I was thinking recently about the President’s stated goal to bring mobile broadband to 98% of Americans in five years – not just from the standpoint of network coverage, but also the detailed level of how Americans could benefit from it in terms of applications for healthcare, public safety and other uses.
It’s not a far stretch to go from a doctor using Skype to have a video consultation with a patient who is in a remote area or unable to travel today to doctors providing patients with diagnostic tools that patients use in their homes and can automatically communicate back to the doctor’s office via SMS without the patient doing anything in the near future. People can already keep tabs on their blood pressure using their iPhone and use ‘smart’ pill bottles that provide reminders to take medications, so we’re well on our way.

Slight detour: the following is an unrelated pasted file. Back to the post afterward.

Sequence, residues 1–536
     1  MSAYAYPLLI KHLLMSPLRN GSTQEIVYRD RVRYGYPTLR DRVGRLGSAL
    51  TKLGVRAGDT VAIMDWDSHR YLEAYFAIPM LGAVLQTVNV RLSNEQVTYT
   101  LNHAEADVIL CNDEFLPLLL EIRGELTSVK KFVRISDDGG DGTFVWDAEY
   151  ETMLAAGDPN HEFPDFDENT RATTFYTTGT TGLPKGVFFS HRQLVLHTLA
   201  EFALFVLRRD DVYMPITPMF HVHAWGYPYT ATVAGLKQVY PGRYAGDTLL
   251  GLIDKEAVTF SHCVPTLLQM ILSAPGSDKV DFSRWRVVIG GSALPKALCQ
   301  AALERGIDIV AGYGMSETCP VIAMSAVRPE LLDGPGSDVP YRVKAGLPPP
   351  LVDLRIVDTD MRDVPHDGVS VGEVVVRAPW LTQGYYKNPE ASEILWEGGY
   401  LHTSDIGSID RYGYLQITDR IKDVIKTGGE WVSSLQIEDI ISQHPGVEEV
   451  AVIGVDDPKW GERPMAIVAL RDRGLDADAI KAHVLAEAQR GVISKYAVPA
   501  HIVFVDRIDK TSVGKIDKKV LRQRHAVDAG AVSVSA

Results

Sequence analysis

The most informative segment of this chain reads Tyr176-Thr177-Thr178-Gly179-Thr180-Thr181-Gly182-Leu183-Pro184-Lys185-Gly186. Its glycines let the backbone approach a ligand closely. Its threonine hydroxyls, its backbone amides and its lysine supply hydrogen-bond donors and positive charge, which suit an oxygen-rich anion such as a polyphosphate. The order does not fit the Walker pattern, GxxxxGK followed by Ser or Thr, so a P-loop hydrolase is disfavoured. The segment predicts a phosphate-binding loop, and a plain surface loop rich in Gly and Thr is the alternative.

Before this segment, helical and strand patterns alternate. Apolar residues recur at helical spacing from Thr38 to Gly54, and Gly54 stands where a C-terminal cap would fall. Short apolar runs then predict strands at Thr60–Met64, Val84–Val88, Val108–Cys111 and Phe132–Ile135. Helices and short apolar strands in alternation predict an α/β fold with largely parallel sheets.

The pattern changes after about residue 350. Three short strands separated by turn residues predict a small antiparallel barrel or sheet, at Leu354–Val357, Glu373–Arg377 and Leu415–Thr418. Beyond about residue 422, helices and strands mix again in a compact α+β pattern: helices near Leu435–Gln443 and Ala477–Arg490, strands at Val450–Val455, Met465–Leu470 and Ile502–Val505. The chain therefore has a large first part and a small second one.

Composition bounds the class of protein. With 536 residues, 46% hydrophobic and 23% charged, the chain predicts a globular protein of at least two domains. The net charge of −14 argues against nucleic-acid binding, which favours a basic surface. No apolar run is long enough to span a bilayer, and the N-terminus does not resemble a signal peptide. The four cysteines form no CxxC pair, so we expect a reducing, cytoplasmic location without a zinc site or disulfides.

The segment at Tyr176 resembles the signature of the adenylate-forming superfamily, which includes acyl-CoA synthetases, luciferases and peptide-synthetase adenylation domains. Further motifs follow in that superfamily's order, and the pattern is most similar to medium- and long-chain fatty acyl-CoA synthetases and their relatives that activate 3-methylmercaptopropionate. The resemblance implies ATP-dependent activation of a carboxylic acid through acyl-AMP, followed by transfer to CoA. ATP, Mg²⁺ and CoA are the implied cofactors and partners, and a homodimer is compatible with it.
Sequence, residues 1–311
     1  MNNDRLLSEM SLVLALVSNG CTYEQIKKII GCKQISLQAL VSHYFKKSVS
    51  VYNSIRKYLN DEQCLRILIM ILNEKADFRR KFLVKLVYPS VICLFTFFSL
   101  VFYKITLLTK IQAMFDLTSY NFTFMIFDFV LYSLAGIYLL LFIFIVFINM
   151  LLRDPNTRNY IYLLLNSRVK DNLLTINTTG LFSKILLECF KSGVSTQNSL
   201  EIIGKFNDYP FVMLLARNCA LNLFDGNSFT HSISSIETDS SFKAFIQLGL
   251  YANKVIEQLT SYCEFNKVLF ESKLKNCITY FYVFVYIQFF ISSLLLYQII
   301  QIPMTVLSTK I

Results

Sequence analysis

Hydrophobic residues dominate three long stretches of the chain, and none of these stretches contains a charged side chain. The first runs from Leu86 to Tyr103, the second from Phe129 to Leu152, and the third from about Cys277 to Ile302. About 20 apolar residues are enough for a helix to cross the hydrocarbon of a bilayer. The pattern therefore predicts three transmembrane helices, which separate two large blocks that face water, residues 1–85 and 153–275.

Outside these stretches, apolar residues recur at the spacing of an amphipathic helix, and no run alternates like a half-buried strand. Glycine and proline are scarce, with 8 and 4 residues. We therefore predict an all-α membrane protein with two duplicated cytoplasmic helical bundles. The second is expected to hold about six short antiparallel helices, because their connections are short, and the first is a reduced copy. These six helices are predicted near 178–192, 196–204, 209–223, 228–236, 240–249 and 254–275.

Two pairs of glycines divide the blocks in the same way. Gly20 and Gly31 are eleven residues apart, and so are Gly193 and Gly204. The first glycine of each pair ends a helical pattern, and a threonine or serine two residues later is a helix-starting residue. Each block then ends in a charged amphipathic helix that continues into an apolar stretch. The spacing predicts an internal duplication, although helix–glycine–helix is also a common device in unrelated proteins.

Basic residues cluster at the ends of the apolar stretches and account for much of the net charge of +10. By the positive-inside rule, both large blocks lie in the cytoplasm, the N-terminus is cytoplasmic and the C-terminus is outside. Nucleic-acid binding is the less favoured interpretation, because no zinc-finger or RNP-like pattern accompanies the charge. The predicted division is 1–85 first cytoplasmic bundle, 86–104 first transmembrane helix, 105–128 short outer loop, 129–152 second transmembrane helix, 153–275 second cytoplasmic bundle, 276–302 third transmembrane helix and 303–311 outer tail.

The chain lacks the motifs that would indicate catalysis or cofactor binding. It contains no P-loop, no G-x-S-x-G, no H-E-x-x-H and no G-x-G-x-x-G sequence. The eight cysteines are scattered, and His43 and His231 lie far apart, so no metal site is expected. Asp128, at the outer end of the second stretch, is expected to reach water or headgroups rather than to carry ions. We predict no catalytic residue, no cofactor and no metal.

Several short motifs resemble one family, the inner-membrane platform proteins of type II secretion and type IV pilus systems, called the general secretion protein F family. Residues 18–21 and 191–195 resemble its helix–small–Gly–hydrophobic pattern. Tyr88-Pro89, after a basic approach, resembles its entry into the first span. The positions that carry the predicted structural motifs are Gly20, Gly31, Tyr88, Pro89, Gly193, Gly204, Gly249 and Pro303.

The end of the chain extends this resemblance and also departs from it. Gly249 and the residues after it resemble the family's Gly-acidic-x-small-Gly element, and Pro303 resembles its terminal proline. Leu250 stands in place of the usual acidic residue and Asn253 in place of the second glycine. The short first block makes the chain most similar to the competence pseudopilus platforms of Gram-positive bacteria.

Aside from sounding like something from a Terminator movie, this trend will be a major driver of performance networking and cloud services as the sheer number of devices connecting and communicating across networks will ramp up considerably and will require even more applications, storage and other content hosted and delivered from the cloud and cloud services (with appropriate security, QoS, etc).
Will we get to the point where I have an Internet-connected refrigerator in my home than can automatically sense if I need milk, eggs or other staples based on its own sensors and then automatically text me a shopping list of needed items when I walk into the grocery store (based on geo-location info on my smartphone)? I hope so, because I always forget to make a list!